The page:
WalletHub Answers is a free service that helps consumers access financial information. Information on WalletHub Answers is provided “as is” and should not be considered financial, legal or investment advice. WalletHub is not a financial advisor, law firm, “lawyer referral service,” or a substitute for a financial advisor, attorney, or law firm. You may want to hire a professional before making any decision. WalletHub does not endorse any particular contributors and cannot guarantee the quality or reliability of any information posted. The helpfulness of a financial advisor's answer is not indicative of future advisor performance.
WalletHub members have a wealth of knowledge to share, and we encourage everyone to do so while respecting our content guidelines. This question was posted by WalletHub.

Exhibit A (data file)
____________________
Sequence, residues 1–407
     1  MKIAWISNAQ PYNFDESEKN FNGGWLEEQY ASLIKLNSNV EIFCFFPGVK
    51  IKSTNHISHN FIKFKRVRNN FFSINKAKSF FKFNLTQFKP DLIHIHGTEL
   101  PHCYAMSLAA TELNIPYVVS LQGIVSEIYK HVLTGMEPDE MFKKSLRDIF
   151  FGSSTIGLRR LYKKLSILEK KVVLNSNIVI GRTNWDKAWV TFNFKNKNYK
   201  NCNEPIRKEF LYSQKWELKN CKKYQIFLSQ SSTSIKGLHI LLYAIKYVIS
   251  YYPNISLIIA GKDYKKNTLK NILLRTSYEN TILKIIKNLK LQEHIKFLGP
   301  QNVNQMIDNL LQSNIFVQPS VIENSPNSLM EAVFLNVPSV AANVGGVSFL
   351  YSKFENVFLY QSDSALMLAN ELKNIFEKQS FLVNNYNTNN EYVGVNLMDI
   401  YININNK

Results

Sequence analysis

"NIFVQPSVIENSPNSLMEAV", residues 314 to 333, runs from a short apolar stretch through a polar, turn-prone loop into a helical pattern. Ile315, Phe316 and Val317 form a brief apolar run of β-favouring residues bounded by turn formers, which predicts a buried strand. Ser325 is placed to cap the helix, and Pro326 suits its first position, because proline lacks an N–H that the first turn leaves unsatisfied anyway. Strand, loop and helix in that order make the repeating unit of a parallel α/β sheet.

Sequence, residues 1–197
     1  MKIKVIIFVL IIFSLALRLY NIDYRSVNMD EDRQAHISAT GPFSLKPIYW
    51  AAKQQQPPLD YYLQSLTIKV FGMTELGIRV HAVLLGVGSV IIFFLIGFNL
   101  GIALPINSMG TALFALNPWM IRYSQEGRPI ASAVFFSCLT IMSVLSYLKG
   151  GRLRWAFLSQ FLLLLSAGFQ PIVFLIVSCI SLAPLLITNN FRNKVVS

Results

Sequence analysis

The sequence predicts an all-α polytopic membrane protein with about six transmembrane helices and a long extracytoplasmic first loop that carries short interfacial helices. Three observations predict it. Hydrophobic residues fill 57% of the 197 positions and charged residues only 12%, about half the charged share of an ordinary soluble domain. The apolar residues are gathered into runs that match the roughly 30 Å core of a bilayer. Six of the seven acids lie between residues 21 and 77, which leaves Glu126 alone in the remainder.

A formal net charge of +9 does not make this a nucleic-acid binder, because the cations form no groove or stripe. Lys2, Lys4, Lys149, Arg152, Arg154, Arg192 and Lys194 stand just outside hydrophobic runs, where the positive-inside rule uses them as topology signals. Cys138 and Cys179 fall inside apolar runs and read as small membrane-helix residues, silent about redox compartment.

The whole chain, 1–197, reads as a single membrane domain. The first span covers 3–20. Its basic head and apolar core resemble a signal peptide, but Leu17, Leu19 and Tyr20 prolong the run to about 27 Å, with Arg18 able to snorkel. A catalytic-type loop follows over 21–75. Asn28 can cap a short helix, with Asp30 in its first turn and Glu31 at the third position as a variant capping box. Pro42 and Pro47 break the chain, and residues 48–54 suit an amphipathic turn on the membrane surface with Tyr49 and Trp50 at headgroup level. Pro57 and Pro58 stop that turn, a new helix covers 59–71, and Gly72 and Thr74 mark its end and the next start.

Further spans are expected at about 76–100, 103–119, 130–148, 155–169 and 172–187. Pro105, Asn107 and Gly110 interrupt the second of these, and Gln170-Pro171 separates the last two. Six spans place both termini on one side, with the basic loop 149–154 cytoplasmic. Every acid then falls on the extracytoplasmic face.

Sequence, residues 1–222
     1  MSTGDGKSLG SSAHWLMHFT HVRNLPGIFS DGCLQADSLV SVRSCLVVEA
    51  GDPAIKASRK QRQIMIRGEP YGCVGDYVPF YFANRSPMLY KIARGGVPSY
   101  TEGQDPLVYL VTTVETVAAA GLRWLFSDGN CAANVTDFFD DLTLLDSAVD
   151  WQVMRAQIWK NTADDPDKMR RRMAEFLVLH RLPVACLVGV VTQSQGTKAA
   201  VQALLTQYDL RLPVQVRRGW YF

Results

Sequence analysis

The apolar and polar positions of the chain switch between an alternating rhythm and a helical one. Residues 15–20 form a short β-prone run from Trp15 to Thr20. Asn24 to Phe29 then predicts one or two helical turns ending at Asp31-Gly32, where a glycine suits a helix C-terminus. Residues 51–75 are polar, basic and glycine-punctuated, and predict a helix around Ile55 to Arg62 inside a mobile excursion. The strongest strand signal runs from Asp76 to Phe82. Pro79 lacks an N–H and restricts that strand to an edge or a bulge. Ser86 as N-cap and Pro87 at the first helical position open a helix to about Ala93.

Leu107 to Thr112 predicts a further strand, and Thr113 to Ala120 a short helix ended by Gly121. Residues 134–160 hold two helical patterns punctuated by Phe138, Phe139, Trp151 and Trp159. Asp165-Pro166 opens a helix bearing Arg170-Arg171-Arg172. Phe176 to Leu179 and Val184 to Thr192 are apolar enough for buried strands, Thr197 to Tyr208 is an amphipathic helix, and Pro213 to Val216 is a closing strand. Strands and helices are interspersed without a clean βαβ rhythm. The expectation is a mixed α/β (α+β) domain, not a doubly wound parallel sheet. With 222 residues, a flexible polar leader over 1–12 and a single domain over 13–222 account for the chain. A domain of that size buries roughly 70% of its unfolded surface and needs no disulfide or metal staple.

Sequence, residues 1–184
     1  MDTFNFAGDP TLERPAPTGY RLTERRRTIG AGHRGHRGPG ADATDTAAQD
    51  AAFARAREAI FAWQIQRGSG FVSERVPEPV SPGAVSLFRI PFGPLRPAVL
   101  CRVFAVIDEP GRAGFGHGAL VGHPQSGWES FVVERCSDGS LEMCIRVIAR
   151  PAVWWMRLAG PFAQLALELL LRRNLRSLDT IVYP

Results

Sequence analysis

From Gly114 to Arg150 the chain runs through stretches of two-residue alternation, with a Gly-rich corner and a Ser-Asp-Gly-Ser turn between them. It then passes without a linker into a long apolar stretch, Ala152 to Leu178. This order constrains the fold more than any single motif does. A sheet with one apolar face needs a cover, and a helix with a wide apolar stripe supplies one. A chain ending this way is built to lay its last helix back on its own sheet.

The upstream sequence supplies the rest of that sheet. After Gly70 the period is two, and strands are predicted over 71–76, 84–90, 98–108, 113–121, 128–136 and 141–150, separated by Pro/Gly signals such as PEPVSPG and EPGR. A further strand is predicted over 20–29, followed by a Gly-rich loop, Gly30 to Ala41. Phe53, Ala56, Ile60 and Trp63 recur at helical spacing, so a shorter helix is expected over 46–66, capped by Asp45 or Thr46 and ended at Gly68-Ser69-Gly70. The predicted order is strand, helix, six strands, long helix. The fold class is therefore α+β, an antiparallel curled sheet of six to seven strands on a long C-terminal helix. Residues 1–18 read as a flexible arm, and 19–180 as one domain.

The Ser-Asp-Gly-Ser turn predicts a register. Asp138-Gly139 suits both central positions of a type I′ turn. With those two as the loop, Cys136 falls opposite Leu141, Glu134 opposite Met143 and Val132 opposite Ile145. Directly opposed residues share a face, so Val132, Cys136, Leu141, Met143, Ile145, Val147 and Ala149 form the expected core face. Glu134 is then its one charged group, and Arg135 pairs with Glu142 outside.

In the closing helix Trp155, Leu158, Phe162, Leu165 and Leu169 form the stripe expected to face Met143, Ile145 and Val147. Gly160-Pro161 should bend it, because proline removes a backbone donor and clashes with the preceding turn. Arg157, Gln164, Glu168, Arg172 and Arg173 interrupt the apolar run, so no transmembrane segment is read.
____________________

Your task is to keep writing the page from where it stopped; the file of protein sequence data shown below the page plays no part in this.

Please keep in mind that editorial and user-generated content on this page is not reviewed or otherwise endorsed by any financial institution. In addition, it is not a financial institution’s responsibility to ensure all posts and questions are answered.
Ad Disclosure: Certain offers that appear on this site originate from paying advertisers, and this will be noted on an offer’s details page using the designation "Sponsored", where applicable. Advertising may impact how and where products appear on this site (including, for example, the order in which they appear). At WalletHub we try to present a wide array of offers, but our offers do not represent all financial services companies or products.